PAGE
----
Sunday, August 23, 2015

Sunday Search: Missing Documents


Over the past few months there have been moments when I have made surprising progress researching my family trees and there have also been instances when I have hit some pretty significant walls. No matter how hard I have tried to hit the brick or how heavy the hammer, the structure remains solid. While there is still some small glint of hope that these records will turn up, it is not an endeavor that will likely produce significant results anytime soon… I guess I will have to get the chisel out and try to find the answers that way.

After all, that is how I found the few details that we know about John Uttley’s service in the Philadelphia Police Department. After dozens of calls and many hours leveraging various resources I was able to find out that while the full personnel files have long since been destroyed, there are pieces (i.e. rank, badge number, date of swearing in, rank, accounts in the newspaper) scattered across multiple sources. It isn’t much but it is a heck of a lot more than we have had in the past. Other endeavors haven’t even produced this level of information.

My great grandparents (William Edgar Yeagle and Bessie Wirth Uttley) divorce is something that is still interpreted different ways depending on with whom you speak. His first family, which is my line, sees the dissolution of marriage in one way namely that it was his drinking and abuse that caused the divorce. However, his second family, according to his granddaughter with whom I briefly spoke a couple of years ago, sees things a little differently in that it was my great grandmother that caused the issues in the marriage. When I called the court records office in Philadelphia City Hall (where they got divorced), there was little information that they could share as the records have long since faded and the only information on hand was that of the actual decree (without mention of cause). But at least that record can be produced unlike some others.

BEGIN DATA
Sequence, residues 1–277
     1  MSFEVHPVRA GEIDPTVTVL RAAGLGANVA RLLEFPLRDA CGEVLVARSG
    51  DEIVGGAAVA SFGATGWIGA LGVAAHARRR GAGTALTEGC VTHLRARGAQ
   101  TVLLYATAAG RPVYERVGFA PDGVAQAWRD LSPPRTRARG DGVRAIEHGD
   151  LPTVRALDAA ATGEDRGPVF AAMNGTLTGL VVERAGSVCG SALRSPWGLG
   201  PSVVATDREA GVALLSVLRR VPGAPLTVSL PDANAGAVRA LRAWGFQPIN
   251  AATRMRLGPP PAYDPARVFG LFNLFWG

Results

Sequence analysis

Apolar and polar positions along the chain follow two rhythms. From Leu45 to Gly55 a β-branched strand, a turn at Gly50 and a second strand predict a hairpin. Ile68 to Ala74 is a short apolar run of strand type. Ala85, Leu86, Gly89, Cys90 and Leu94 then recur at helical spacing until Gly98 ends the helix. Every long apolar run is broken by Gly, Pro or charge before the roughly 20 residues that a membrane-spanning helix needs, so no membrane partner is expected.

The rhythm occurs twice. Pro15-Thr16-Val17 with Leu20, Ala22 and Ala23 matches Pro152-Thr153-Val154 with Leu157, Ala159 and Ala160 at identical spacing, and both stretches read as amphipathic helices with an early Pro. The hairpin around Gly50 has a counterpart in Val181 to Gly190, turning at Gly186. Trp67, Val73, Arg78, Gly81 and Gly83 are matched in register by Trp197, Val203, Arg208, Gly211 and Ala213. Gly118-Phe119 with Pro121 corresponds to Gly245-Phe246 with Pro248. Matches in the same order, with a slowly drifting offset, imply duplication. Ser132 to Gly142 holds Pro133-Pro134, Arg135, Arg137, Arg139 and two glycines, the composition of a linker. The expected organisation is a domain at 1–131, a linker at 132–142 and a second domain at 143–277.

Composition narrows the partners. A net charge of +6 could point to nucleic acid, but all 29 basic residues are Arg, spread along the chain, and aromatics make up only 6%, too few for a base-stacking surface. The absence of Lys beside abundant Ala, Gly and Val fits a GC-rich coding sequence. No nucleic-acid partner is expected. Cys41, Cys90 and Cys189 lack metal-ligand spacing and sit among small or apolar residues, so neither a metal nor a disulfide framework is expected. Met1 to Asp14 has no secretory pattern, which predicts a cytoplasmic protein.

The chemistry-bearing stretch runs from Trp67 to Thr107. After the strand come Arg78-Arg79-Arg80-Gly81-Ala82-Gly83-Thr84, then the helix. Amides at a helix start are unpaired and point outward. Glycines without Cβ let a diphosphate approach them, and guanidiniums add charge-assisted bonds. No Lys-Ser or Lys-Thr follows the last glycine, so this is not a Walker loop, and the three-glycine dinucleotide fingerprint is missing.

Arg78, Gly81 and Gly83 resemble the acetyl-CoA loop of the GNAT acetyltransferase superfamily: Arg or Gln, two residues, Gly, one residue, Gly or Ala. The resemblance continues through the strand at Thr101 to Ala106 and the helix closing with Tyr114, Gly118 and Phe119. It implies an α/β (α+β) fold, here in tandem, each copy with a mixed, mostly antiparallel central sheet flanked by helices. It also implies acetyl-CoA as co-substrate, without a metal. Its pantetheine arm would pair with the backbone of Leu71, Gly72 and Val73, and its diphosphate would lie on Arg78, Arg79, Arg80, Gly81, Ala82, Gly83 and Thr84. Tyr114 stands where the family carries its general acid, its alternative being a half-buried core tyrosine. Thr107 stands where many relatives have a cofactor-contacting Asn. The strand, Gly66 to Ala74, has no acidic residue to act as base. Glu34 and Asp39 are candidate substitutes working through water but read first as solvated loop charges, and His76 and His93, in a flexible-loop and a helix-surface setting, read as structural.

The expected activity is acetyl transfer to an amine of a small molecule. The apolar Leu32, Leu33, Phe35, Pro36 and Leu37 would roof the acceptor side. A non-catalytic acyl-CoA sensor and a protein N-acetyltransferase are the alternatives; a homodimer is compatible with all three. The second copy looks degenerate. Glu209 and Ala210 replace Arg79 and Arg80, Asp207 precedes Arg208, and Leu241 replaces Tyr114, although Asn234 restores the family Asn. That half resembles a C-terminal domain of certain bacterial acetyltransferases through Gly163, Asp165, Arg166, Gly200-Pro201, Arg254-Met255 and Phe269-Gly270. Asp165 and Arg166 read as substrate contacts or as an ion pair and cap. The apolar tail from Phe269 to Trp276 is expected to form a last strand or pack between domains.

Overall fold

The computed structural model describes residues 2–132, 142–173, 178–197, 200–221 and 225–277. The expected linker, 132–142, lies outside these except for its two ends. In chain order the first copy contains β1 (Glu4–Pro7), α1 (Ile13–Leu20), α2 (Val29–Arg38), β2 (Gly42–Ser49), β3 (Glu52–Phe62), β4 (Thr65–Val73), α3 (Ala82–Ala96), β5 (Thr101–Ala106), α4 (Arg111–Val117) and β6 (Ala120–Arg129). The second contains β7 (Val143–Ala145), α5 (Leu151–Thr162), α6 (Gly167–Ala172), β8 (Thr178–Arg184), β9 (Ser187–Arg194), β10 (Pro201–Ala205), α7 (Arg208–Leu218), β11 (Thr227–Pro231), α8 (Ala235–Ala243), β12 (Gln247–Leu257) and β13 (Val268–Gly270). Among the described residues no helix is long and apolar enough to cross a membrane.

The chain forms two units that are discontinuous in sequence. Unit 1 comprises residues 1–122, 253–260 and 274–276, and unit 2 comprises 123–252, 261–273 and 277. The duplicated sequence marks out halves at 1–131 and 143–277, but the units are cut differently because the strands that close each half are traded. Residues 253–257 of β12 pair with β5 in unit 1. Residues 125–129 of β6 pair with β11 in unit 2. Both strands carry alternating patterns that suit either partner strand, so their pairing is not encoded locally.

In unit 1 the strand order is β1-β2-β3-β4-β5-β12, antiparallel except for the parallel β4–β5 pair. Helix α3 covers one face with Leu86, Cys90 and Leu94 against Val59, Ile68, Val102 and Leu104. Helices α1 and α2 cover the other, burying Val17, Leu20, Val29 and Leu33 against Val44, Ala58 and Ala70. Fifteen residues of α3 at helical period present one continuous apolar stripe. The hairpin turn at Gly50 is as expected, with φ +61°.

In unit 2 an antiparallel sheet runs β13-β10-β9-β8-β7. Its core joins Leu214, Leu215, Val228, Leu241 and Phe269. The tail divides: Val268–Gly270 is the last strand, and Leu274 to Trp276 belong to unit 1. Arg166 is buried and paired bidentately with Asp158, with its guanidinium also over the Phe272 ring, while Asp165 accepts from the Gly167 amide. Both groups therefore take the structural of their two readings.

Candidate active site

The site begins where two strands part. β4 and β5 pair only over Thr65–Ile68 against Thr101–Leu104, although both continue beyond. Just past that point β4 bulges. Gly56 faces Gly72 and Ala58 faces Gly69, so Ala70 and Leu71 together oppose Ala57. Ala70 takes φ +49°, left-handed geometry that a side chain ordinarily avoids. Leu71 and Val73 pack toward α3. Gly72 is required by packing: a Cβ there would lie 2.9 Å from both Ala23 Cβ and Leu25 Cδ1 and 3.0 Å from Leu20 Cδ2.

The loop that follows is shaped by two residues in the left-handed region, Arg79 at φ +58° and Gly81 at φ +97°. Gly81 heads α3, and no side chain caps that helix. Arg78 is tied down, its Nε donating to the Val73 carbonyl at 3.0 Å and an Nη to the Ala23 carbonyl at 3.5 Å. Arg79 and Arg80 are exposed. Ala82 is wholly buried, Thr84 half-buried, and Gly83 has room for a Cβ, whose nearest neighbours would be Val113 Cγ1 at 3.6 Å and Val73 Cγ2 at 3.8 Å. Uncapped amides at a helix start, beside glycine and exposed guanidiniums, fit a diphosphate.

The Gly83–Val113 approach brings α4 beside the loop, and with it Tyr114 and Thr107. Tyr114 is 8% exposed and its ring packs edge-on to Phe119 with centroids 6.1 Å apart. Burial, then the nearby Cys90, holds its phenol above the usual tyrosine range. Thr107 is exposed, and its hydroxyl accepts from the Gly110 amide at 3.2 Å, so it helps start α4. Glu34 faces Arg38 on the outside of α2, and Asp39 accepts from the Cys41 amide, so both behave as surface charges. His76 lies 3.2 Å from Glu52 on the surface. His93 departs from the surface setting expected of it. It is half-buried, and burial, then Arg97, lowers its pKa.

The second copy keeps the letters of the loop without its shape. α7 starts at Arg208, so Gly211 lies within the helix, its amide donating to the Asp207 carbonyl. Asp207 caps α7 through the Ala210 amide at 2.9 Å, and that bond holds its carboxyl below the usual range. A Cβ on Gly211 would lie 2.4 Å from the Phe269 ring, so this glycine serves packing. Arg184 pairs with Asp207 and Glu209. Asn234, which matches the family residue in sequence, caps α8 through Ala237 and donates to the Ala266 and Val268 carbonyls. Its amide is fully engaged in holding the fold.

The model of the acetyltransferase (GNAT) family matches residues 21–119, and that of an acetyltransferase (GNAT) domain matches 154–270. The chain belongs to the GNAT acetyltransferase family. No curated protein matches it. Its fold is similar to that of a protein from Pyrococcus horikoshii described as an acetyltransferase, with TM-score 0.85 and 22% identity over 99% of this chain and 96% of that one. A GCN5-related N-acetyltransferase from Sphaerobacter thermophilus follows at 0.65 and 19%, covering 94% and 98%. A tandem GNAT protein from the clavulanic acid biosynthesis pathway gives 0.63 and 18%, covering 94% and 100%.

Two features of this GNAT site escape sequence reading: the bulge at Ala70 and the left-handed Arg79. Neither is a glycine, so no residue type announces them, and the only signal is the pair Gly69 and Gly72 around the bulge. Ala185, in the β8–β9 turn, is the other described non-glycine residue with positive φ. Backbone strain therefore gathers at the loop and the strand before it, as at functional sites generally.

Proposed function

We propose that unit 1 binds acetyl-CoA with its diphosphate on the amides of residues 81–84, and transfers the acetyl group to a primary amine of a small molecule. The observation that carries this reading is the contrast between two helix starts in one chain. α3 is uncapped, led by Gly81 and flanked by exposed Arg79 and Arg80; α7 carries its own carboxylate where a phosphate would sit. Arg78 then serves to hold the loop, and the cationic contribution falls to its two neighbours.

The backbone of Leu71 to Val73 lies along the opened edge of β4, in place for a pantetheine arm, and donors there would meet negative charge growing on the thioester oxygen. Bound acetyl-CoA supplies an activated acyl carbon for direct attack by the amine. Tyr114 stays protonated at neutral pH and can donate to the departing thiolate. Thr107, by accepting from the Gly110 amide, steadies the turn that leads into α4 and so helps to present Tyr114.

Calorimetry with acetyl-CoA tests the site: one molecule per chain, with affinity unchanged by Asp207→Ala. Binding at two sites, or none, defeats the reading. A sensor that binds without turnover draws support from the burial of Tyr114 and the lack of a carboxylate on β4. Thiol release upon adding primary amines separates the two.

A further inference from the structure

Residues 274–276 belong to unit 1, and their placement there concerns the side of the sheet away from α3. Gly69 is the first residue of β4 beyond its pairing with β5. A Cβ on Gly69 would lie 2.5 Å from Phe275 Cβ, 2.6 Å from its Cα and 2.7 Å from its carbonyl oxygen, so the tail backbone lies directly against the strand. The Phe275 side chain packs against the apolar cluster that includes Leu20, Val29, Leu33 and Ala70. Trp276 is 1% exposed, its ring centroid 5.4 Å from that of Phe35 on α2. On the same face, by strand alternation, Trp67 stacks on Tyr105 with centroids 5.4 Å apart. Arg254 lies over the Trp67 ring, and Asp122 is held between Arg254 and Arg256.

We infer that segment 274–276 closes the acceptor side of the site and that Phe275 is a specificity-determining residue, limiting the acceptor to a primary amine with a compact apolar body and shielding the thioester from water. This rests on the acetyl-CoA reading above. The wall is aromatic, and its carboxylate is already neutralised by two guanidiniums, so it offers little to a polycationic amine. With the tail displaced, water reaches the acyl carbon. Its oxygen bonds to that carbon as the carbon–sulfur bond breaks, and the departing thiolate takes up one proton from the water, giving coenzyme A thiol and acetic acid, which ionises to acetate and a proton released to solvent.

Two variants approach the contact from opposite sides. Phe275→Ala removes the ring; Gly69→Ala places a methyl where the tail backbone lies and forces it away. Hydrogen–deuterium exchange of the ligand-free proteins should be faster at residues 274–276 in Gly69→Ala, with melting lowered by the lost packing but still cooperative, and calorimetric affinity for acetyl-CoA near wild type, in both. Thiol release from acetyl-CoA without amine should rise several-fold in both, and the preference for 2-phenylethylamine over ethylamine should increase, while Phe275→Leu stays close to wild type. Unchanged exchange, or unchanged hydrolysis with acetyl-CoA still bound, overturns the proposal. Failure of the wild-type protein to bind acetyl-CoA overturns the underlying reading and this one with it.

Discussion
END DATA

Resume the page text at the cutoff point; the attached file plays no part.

The marriage certificate of Paulus Redcross and Frances Beverly continues to be one record that we are continuing to search for through various offices, depositories, and whatever other means out there. It is something that we know exists as it is recorded in the Amherst County, Virginia ledger but the actual document seems to have disappeared. Not faded or destroyed (as far as we know) it is just gone. No one has been able to provide any definitive explanation although there are plenty of theories out there which is a completely separate topic altogether.

All of these documents have the potential to provide my family with a wealth of information (and answers) beyond what the existing documents ever could but there is significant doubt as to whether we will ever be able to read them. While we will continue seeking answers to other questions and look to fill in the family tree, these are things that we will always be looking for even if the possibility of finding them is slim. While these situations may be a deterrent for some, it only serves to motivate me to find and write the story without them (or at least try).